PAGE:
Open Access Digital Repository of Ministry of Earth Sciences, Government of India

Black carbon and chemical characteristics of PM10 and PM 2.5 at an urban site of North India

Tiwari, S and Srivastava, AK and Bisht, DS and Bano, T and Singh, S and Behura, S and Srivastava, MK and Chate, DM and Padmanabhamurty, B (2009) Black carbon and chemical characteristics of PM10 and PM 2.5 at an urban site of North India. Journal of Atmospheric Chemistry, 62 (3). pp. 193-209.

[img] PDF
2178.pdf - Published Version
Restricted to Registered users only

Download (358kB) | Request a copy


The concentrations of PM10, PM2.5 and their water-soluble ionic species were determined for the samples collected during January to December, 2007 at New Delhi (28.63° N, 77.18° E), India. The annual mean PM10 and PM2.5 concentrations (± standard deviation) were about 219 (± 84) and 97 (±56) μgm -3 respectively, about twice the prescribed Indian National Ambient Air Quality Standards values. The monthly average ratio of PM 2.5/PM10 varied between 0.18 (June) and 0.86 (February) with an annual mean of 0.48 (±0.2), suggesting the dominance of coarser in summer and fine size particles in winter. The difference between the concentrations of PM10 and PM2.5, is deemed as the contribution of the coarse fraction (PM10-2.5). The analyzed coarse fractions mainly composed of secondary inorganic aerosols species (16.0 μgm-3, 13.07), mineral matter (12.32 μgm-3, 10.06) and salt particles (4.92 μgm-3, 4.02). PM2.5 are mainly made up of undetermined fractions (39.46 μgm-3, 40.9), secondary inorganic aerosols (26.15 μgm-3, 27.1), salt aerosols (22.48 μgm-3, 23.3) and mineral matter (8.41 μgm-3, 8.7). The black carbon aerosols concentrations measured at a nearby (a300 m) location to aerosol sampling site, registered an annual mean of â14 (±12) μgm-3, which is significantly large compared to those observed at other locations in India. The source identifications are made for the ionic species in PM10 and PM2.5. The results are discussed by way of correlations and factor analyses. The significant correlations of Cl-, SO 4 2-, K+, Na+, Ca2+, NO 3 - and Mg 2+ with PM2.5 on one hand and Mg2+ with PM 10 on the other suggest the dominance of anthropogenic and soil origin aerosols in Delhi.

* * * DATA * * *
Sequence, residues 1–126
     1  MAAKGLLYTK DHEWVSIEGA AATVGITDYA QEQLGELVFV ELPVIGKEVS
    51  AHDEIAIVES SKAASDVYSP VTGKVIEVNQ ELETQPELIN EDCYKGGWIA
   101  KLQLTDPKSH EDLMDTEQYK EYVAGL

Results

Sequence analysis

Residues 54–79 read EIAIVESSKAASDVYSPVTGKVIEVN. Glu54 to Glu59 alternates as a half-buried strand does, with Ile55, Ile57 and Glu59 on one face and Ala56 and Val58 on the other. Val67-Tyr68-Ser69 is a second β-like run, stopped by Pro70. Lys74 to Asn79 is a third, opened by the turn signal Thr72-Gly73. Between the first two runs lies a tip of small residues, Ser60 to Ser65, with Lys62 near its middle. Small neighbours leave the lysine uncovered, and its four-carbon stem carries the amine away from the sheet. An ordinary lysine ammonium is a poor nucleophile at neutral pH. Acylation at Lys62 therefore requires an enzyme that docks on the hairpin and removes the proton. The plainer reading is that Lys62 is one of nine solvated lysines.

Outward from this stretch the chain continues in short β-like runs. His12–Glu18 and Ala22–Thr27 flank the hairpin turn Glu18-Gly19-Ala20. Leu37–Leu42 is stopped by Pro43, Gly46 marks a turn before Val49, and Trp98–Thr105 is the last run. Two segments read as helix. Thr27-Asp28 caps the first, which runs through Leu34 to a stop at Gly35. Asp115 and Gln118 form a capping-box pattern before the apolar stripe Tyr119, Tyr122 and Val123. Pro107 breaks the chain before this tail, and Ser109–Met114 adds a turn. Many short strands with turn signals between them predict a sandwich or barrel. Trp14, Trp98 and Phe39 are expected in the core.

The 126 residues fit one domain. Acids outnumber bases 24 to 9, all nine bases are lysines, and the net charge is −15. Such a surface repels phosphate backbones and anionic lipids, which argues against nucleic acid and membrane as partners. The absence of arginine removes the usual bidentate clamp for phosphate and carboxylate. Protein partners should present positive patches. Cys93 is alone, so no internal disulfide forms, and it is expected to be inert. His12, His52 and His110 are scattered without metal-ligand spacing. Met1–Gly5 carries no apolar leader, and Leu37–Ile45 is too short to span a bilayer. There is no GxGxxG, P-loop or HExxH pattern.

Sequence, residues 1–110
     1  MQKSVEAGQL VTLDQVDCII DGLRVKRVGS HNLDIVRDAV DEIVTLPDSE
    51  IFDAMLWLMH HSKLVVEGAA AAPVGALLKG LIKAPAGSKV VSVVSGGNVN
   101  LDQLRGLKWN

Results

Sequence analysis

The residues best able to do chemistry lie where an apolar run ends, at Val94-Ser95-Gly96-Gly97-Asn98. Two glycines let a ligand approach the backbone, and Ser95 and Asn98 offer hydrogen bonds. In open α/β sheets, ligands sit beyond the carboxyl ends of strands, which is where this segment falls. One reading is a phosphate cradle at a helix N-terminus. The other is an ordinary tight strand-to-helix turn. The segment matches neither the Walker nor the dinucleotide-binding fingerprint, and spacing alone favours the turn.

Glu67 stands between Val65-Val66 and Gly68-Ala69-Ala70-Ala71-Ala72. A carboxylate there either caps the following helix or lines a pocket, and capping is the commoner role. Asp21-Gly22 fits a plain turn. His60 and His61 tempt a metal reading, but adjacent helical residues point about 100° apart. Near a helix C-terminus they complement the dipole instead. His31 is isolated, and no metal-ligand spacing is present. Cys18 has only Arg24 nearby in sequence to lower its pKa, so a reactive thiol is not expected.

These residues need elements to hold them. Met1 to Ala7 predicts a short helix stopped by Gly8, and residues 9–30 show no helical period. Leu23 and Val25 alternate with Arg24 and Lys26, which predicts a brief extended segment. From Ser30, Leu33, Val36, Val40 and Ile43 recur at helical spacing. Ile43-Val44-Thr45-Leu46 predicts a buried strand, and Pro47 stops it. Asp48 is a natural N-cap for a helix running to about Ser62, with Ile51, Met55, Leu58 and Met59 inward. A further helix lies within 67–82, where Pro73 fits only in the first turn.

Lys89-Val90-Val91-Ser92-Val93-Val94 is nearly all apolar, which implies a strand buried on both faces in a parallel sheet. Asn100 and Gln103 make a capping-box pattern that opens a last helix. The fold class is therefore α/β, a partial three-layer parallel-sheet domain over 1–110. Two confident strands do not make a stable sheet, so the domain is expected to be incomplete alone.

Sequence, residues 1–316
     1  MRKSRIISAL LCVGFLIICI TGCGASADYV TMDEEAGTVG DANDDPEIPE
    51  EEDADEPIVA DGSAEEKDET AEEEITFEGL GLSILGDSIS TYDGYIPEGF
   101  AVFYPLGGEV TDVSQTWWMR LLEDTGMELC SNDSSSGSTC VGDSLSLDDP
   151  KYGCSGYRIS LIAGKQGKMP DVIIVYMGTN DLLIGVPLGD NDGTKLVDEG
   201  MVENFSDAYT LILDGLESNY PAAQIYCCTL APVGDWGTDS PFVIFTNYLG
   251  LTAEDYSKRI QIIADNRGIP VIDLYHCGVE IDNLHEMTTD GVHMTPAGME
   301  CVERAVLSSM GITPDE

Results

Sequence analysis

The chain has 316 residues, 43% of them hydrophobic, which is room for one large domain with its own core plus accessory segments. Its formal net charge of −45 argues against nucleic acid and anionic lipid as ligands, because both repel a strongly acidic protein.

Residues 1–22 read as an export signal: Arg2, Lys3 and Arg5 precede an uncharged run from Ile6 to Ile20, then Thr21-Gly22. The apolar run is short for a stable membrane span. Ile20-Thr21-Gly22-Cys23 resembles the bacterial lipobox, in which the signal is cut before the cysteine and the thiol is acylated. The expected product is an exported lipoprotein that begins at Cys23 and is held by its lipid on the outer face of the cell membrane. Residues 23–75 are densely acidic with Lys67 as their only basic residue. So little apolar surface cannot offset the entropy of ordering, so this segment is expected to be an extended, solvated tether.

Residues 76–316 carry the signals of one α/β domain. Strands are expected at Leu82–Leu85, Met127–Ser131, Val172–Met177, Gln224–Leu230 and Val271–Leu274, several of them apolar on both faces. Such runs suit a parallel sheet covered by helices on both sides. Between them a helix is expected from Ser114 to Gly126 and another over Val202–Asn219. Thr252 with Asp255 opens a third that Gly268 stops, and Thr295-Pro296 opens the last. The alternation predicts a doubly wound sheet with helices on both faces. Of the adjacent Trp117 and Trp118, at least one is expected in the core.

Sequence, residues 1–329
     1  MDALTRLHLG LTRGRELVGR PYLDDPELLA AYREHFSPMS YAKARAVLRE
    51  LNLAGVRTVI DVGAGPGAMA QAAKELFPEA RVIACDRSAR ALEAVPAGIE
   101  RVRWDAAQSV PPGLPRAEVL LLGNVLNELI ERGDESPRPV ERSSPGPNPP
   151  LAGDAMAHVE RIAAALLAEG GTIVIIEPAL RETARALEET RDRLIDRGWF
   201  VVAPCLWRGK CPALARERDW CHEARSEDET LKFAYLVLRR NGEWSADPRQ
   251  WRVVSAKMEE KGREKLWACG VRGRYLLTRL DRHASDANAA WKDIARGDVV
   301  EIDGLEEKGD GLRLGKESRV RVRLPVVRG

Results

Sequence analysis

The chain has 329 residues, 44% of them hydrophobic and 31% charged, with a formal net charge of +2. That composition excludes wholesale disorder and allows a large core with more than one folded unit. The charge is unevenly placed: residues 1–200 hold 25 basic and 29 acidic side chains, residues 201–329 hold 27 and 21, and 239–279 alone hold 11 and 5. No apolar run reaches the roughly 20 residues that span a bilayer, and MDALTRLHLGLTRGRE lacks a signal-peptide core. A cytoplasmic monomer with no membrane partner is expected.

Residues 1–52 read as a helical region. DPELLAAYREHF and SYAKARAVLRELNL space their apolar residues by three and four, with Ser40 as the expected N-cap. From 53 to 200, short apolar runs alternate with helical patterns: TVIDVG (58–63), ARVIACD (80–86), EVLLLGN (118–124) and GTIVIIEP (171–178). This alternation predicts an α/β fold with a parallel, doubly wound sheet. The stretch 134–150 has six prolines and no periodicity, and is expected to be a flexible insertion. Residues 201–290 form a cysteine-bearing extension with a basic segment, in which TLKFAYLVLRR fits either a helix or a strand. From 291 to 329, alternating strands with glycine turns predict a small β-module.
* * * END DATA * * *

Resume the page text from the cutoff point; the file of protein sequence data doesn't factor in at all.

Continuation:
Item Type: Article
Additional Information: Copyright of this article belongs to Springer
Uncontrolled Keywords: black carbon; calcium ion; chloride ion; magnesium ion; nitrate; potassium ion; sulfate, aerosol composition; air quality; anthropogenic source; black carbon; chemical composition; factor analysis; particulate matter; urban area, aerosol; air monitoring; air quality standard; article; atmosphere; chemical analysis; climate; concentration (parameters); environmental impact; India; mineral dust; particle size; particulate matter; seasonal variation; secondary inorganic aerosol; soil analysis; summer; urban area; winter, Delhi; India; New Delhi
Subjects: Meteorology and Climatology
Depositing User: IITM Library
Date Deposited: 18 Feb 2015 11:16
Last Modified: 18 Feb 2015 11:16

Actions (login required)

View Item View Item